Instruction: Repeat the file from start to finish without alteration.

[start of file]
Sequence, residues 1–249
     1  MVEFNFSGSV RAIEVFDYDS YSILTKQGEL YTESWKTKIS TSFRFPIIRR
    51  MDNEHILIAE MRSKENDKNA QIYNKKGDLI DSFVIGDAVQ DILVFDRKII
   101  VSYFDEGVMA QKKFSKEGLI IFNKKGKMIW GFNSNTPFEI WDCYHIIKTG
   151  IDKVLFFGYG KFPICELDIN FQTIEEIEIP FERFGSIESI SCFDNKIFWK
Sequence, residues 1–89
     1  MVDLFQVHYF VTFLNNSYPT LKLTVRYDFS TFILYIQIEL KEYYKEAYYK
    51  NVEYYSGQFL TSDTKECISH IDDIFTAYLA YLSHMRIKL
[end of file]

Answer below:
Sequence, residues 1–249
     1  MVEFNFSGSV RAIEVFDYDS YSILTKQGEL YTESWKTKIS TSFRFPIIRR
    51  MDNEHILIAE MRSKENDKNA QIYNKKGDLI DSFVIGDAVQ DILVFDRKII
   101  VSYFDEGVMA QKKFSKEGLI IFNKKGKMIW GFNSNTPFEI WDCYHIIKTG
   151  IDKVLFFGYG KFPICELDIN FQTIEEIEIP FERFGSIESI SCFDNKIFWK
Sequence, residues 1–89
     1  MVDLFQVHYF VTFLNNSYPT LKLTVRYDFS TFILYIQIEL KEYYKEAYYK
    51  NVEYYSGQFL TSDTKECISH IDDIFTAYLA YLSHMRIKL